A TALE OF TWO STORIES! A pair of tales helped and hurt Bush. But neither one made real good sense:
TUESDAY, JULY 13, 2004
STORY ONE—THE HONEST AMBASSADOR: HOWLER readers swung into action, eager to challenge heretical notions. Was it possible? Was it possible that Joe Wilsons famous claims didnt quite make sense? (See THE DAILY HOWLER, 7/12/04.) Readers raised assorted irrelevant points. But a sensible question was frequently asked:
E-MAIL: Good logical deconstruction as far as it goes, but why in the world did Bush administration admit that it was wrong to include the 16-word claim in the speech if believed it was correct regarding a non-Niger source? I am missing the logic on this part.Many people asked this question. For what its worth, the Bush Admin said it was wrong to include the 16-word claim in the speech because it was based on British intelligence—intelligence the US couldnt examine, confirm or refute. We have no idea if that explanation was sincere, but it has the advantage of making some sense. Please dont send us e-mails saying that you—a good member of the liberal team—are quite convinced that it wasnt sincere. Like us, you have no real way of knowing. Spare us the brilliant mind-reading displays! Ouija boards? Put them down too!
Well stand by what we said last year. Its hard to see how Wilson could have known whether Iraq had been seeking uranium in Africa. He only went to one country—Niger. He hadnt seen the British intelligence. Indeed, even when he wrote a 500-page book, he didnt say how he could have known what was happening in Somalia or the Congo. To all appearances, Wilsons claims went well beyond the things he actually seems to have known. Was Iraq seeking uranium in Africa? We dont have the slightest idea. But its hard to see what made people think that Wilson could have answered that either.
But when Wilson arrived on the scene last July, the press corps had begun to come down from its Bush is a conquering emperor high. Things were getting shaky in post-war Iraq, and that may explain why they bought Wilsons presentation so thoroughly. In doing so, they ignored better-founded stories about Admin deception. For example, those aluminum tubes played a much larger role in the run-up to war than the sixteen words did. (The sixteen words were ignored in real time. See THE DAILY HOWLER, 7/28/03.) And the evidence was rather strong—the Bush Admin had vastly misstated the intel about the tubes. But Wilsons story may have seemed appealing because of its cinematic elements. It featured an honest ambassador on the Niger road, shooting down those 16 words. At any rate, what followed was the lazy pseudo-journalism of which the modern press is so fond.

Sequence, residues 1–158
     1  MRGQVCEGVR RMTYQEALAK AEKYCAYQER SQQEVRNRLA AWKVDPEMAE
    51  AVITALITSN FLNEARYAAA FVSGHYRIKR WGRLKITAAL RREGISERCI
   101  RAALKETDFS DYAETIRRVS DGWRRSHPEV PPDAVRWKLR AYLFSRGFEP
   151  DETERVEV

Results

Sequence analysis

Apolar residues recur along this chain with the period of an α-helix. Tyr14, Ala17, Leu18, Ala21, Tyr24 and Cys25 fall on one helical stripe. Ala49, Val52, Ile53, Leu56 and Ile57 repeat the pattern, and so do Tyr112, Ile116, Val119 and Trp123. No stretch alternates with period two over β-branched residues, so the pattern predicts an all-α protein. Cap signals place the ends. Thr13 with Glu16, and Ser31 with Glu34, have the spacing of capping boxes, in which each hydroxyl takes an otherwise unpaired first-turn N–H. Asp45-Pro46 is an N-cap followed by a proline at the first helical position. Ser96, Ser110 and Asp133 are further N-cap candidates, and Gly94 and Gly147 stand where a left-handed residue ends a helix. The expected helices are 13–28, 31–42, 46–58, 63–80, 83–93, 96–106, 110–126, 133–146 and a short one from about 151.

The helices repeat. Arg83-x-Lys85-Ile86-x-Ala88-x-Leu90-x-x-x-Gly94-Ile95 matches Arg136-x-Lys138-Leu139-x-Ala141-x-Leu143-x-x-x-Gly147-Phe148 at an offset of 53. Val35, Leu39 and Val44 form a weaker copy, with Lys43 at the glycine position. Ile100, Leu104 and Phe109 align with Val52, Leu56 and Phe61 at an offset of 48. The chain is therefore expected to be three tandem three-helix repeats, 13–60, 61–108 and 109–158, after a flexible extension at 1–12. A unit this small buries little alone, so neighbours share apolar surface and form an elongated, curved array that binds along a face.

How could Wilson have known what was in the Brit intel? How could he evaluate the possibility that Iraq sought uranium in Somalia or the Congo? Indeed, how did his claim—the claim that Iraq couldnt likely complete a purchase in Niger—relate to Bushs actual claim—the claim that Iraq had sought uranium, not that they had obtained it? Wilson has done a thousand interview shows, but weve never seen these obvious questions asked. But this is common press corps conduct. When they get a story they like—a story which promotes a view they have formed—they tend to ignore the facts of the case. They recite the tale in its most pleasing form. All questions—all probing—tends to stop.
In Story One—The Honest Ambassador—the corps ran with a story which harmed Bushs cred. But when Bob Woodwards Plan of Attack presented a story which helped Bushs cred, the corps decided to run with that too. One story helped Bush; the other one harmed him. But each of the stories was largely a tale, made more pleasing by a lack of real inquiry.